Record numbers of high street stores close as Debenhams falters
5,853 stores closed in the UK last year and Debenhams’ fate hangs in the balance as the high street collapses. But online-only retailers are also suffering as ASOS profits fall 87%. Multichannel is the only solution says ParcelHero.
Retail has been hit by a perfect storm, says the home delivery expert ParcelHero. New figures from PwC reveal 5,853 shops closed last year, and embattled Debenhams has placed itself in receivership as it fights against the onslaught of e-commerce. But with ASOS’ profits tumbling nearly 90%, online retailers are also struggling.
ParcelHero’s head of consumer research, David Jinks MILT, says: ‘Wherever you look retailers are suffering, whether it’s on the High Street or online. That’s because too many big-name retailers are still stuck in a largely ‘pureplay’ mindsets.’
Says David: “This week’s grim retail news underscores the fact that a multichannel approach is essential. Combining store and online sales is the only way to ensure retailers are covering all their basis. And it facilitates booming BOPUS – Buy now, Pick Up in Store – sales: which give consumers the ease of online purchasing with the convenience of collecting items when they want.”
David says many stores’ approach to online has been completely unintegrated: a fatal mistake. Try to buy a freezer from Debenhams and you are taken away from its own site to Debenhams Plus.com –a white label site ran by a completely different company: Buy It Direct. It’s so clunky your existing shopping basket is left behind, and Debenhams’ account card and gift cards are not accepted. A far from seamless purchasing experience compared for that given purchasing larger items on John Lewis and M&S’ sites.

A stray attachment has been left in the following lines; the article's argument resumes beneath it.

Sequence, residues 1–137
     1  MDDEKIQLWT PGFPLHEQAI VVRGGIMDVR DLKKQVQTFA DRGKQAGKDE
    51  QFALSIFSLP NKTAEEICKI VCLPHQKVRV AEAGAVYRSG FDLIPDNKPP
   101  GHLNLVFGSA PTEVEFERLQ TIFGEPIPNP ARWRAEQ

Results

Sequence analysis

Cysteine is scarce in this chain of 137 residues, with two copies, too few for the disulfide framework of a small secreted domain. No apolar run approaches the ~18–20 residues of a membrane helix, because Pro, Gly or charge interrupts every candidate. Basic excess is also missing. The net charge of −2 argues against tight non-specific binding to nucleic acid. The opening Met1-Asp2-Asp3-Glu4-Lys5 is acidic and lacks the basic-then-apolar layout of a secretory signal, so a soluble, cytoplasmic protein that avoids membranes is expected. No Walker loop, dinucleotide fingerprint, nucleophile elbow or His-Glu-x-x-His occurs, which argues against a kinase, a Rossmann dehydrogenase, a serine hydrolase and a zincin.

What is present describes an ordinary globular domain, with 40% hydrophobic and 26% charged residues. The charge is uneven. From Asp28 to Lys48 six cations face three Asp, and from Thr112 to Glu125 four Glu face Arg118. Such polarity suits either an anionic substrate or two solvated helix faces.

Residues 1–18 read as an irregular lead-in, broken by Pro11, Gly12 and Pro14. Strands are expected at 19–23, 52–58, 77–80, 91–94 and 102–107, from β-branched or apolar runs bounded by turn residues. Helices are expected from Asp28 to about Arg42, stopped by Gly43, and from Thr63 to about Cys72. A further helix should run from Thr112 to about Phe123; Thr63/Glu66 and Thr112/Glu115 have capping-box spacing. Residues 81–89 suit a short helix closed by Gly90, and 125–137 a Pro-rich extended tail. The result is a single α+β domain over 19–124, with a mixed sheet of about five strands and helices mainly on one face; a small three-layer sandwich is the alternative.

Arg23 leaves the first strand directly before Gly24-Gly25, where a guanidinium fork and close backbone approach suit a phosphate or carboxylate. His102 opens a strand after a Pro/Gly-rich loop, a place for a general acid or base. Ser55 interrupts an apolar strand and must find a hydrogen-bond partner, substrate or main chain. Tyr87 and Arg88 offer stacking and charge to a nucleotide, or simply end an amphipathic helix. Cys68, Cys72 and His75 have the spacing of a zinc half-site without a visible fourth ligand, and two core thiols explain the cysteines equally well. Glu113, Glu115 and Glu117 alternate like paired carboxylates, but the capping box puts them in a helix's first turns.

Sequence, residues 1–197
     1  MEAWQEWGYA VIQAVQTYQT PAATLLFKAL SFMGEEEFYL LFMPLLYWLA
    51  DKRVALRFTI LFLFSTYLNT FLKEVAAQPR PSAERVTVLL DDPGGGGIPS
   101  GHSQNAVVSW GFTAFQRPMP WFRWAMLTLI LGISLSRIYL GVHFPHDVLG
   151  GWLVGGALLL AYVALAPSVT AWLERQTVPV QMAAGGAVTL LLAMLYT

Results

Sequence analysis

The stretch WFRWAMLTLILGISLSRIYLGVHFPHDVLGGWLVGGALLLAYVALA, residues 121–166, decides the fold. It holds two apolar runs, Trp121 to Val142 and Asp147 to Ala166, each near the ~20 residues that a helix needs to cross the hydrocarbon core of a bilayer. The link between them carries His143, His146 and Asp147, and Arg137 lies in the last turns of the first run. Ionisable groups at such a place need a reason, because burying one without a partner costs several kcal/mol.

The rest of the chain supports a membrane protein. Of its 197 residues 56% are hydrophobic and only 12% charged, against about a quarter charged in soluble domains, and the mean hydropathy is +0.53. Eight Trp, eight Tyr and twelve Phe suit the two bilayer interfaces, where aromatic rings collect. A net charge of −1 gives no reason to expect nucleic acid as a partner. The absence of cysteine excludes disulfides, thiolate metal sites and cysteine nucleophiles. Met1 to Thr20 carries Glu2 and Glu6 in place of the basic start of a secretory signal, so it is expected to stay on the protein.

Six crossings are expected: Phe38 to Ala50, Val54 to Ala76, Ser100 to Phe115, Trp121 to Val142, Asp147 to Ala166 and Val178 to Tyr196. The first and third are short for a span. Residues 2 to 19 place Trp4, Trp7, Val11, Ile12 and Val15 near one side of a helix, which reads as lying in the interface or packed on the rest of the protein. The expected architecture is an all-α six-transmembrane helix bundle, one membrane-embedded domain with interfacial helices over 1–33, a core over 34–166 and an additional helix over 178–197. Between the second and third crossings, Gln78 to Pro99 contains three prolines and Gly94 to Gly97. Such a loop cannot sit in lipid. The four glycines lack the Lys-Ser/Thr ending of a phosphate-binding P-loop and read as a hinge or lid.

But online-only stores are not an entirely safe prospect either, as ASOS’ latest figures reveal. Says David: “That’s because e-commerce returns are costing £60bn a year. ASOS has been hit by a wave of ‘wardrobing’, shoppers wearing clothes and then returning them, and has had to introduce a tough new policy for ‘unusual’ returns. Additionally, ASOS has undertaken significant changes to its supply chain, and as a result some of the choices it made on short-term pricing, marketing and inventory impacted on its competitiveness and customer engagement.”
Explains David: “If ASOS had also some high street stores to fall back on, it would have been in a stronger position this year. Items returned direct to a store cost less to process because there are no transport costs. And upheavals in its e-commerce supply chain would have less of an impact on physical stores.”
And David underlines web-only stores are not the answer for struggling brands. “Remember BHS.com? That’s the problem, you probably don’t. After BHS collapsed in 2016 a new online only store, BHS.com, rose from the ashes to focus on the former department store’s key strengths of lighting, bedding etc. But it collapsed after less than two years. And for anyone who thinks a dedicated and well-funded online store must be a safe bet, I have just three words. Boo dot com.”
Concludes David: “As Brexit anxieties mean consumers are being extra cautious, a balance of High Street and web sales will position retailers best to capture the elusive pound. The one encouraging channel is BOPUS sales. Buy Online, Pick Up in Store is booming. Retailers such as Argos have seen click and collect in store sales soar, and recent US research shows 41% of shoppers now consider it to be the option likely to commit them to making a purchase. Only multi-channel retailers can offer this combined web-site and store pick-up option.”
For more information on the impact of e-commerce on the High Street, and how UK retailers can restore the fortunes of our city centres, see ParcelHero’s retail industry report at:https://www.parcelhero.com/blog/news-updates/2030-dead-end-for-the-high-street.